Since I’m currently writing paranormal, I thought it’d be fun to mix up my posting routine by including some mythology and folklore again. Some of the posts will be new, and some will come from my archive of things I had once published on my no longer existent folklore blog.
Paracelsus, a 16th century alchemist and philosopher, defined nature spirits by breaking them down by the natural elements with which they were associated. Most of the names he used, like faun, were already popular names associated with the types of creatures he was attempting to describe. He claimed “The names have been given by people who did not understand them.”
According to Paracelsus, the elementals or nature spirits, were half spirit and half man who were capable of traveling like spirits but still subject to the needs and diseases of the body. There are many different kinds of spirit beings, but Paracelsus divided them into four main groups–undines, sylphs, gnomes, and salamanders. Among these groups were also creatures known as fauns, and dryads.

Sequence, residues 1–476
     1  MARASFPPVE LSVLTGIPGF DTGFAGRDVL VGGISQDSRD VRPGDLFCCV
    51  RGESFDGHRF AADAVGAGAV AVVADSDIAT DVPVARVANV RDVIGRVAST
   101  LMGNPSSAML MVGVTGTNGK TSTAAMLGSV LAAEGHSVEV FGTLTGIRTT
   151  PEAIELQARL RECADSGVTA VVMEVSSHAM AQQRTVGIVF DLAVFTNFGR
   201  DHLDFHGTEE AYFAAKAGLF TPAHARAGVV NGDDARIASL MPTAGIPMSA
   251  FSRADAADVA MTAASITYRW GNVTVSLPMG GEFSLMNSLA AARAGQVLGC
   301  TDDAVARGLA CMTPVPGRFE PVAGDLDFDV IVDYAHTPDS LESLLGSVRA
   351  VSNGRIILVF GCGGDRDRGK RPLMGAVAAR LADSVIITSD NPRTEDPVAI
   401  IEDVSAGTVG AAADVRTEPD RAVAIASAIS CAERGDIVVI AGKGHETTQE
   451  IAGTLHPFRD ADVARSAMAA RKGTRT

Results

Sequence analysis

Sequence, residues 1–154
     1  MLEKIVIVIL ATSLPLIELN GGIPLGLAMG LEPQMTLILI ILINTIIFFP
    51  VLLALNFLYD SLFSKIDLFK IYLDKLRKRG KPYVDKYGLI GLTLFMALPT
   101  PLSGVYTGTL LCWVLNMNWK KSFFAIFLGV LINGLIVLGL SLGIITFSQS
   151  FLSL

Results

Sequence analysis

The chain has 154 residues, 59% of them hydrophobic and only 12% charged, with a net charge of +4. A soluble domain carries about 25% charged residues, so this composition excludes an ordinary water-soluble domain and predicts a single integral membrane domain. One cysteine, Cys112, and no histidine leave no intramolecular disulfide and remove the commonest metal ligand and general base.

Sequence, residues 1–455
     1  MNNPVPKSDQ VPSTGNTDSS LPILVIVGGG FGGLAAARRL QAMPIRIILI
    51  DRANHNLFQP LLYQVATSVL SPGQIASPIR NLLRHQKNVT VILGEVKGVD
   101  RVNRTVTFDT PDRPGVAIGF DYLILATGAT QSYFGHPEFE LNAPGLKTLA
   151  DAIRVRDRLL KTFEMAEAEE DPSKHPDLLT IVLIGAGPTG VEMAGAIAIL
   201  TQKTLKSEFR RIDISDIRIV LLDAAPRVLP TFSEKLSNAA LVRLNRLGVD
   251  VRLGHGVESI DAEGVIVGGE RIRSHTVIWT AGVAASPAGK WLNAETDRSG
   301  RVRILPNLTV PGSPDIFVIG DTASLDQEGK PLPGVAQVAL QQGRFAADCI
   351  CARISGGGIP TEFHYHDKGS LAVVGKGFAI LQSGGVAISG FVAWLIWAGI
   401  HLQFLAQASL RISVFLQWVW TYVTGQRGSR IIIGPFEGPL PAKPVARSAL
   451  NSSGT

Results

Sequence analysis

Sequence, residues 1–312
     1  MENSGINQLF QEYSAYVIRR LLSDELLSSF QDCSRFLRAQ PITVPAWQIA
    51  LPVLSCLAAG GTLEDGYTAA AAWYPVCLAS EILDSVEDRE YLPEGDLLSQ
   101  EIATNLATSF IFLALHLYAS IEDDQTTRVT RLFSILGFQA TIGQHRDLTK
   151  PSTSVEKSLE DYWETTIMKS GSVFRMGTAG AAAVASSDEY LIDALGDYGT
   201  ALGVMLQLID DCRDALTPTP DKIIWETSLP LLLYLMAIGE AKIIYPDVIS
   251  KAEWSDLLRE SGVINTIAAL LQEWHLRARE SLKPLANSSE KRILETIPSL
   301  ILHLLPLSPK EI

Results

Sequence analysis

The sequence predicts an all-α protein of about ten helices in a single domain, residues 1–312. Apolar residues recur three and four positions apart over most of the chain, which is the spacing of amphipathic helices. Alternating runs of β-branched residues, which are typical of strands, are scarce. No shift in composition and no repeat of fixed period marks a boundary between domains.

Spirits of the air and wind, Sylphs are taller and stronger than humans. They have a volatile and unreliable nature. They are often considered to be the transformed soles of those who died as virgins.
The occultist Elephas Levi named their emperor Paralda.
Levi, attributed the role of Gnome emperor to Cob.
Thin, red, and dry-skinned spirits, associated with fire. They typically have a temperamental and wrathful character.
Djin is the name given by Levi as the “emperor” of the Salamanders.
Humanoid spirits of the water, they can take the shape of fish or snakes. They are often described with soft, cold skin, and a sluggish, unreliable nature.
Levi named their emperor Hicks.
Spirits of animal life and dwell in woods and forests, acting as guardian spirits of animals (not to be confused with the nature spirits of classical Greek mythology, who were the offspring of the demigod Faunus).
Guardian spirits of vegetation, Dryads inhabit trees and fields.